Ranked one of the best iRacers in the world, Truck Series driver Ty Majeski competed from a computer set on a wooden table with a steering wheel attached. Kyle Larson said he spent $ 6,800 building his rig, while many of the lesser-known riders who use iRacing to improve their skills can build a setup for a few hundred dollars. All a competitor needs is a chair, computer, steering wheel, and pedals, but NASCAR’s superstars have spent a lot more to outsmart their simulators.
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Hamlin estimated the cost of his rig at over $ 40,000 – but defended the price because his simulator has motion capabilities – and said better gear made no difference. He also said he walked barefoot because “I like to feel the pedals”.
Seven-time NASCAR champion Johnson, who practiced sports car and IndyCar racing on the simulator in his garage, competed from a device that seemed better suited to one of those cars than his virtual # 48 Chevrolet. But Johnson turned out to be early on than less than Elite iRacer with a weird crash that made his car seem like a ping pong ball off the wall and several other cars.
“I hope everyone enjoyed that today. I clearly have a lot to learn, ”said Johnson.
Among those hit by Johnson was Alex Bowman, Johnson’s teammate at Hendrick Motorsports and one of the highly rated computer racing drivers. But drivers can reset to “fix” the damage and continue.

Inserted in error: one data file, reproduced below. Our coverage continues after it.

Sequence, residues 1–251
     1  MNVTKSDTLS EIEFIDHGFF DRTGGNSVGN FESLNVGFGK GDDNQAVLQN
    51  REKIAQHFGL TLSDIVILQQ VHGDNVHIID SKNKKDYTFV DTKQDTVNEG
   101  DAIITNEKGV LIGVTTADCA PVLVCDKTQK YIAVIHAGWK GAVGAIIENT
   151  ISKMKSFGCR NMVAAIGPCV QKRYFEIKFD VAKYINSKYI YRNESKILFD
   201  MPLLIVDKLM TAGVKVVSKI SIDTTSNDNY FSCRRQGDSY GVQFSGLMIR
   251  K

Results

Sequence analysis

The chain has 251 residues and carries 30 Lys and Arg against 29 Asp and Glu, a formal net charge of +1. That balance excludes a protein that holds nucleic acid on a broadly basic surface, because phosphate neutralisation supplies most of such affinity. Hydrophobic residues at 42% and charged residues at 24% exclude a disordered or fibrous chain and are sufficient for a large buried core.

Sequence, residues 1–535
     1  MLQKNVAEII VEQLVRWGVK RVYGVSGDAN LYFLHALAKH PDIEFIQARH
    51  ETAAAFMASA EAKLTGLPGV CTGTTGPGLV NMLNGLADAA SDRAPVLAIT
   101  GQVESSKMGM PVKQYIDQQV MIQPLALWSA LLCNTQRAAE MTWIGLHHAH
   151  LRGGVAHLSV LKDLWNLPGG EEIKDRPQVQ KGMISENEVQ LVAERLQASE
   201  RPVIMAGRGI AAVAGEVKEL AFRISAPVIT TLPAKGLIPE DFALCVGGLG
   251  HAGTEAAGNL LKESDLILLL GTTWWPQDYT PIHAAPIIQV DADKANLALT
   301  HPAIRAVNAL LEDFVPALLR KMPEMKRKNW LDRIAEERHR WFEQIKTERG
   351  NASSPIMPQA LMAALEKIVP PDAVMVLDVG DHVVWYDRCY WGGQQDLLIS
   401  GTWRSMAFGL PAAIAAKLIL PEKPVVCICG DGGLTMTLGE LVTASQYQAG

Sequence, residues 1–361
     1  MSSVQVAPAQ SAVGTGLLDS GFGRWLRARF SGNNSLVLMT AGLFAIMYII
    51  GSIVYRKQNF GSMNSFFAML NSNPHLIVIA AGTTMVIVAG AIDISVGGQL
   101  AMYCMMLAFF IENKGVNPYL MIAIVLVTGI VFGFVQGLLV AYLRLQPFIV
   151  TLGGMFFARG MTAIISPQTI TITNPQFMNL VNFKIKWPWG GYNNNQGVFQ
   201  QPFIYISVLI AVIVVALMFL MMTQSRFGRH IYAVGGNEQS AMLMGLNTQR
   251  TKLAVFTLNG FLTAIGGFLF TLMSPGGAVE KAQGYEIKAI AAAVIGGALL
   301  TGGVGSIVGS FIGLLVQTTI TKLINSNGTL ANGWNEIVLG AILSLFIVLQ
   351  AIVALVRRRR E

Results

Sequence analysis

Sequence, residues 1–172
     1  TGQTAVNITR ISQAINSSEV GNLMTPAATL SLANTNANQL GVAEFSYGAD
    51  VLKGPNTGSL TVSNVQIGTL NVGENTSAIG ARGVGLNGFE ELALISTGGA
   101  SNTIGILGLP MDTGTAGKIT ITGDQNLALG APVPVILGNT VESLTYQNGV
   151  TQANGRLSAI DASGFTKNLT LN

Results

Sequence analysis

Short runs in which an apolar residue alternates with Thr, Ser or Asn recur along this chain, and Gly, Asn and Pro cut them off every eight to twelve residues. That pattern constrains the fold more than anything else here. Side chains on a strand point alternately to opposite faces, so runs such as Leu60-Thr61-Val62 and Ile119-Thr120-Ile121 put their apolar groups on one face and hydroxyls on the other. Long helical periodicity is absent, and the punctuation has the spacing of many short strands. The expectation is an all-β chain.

“Don’t worry, my virtual crew used a quick fix and it’s as good as new. I also eat an uncrustable one, ”Bowman tweeted after Johnson destroyed it. “And yes, I still tweet and fake driving.”
The drivers took the event seriously, and most took the opportunity to present their sponsor – Landon Cassill even hired a sponsor specifically for the event – and to satisfy the fans’ hunger for racing. Many recruited their real spotters and crew chiefs to help. Bowman’s real crew chief Greg Ives and spotter Kevin Hamlin watched the event from home in team shirts and gave Bowman advice.
Many of the younger NASCAR drivers are world-class iRacers and use the game to work on their craft. The iRacing game is as close to reality as any professional sport can get because of the granular details and precise rendering of every NASCAR track. The venues are laser scanned to capture the bumps and imperfections in the asphalt as well as duplicating the grandstands and billboards and pit lane.
The race, called Dixie Vodka 150, led over 100 laps around the virtual 2.4 km long Homestead oval. Dixie Vodka said it will donate $ 10,000 to the NASCAR Foundation, which centralizes charitable donations in the NASCAR industry to help those affected by the COVID-19 pandemic.
Professional iRacing drivers – NASCAR hosts a league – can create their own setups, but a fixed setup has been installed for Sunday’s event.
The event gave NASCAR the opportunity to showcase its esports offering on live television while providing entertainment at a time when most of the world is locked in for fear of the coronavirus spreading.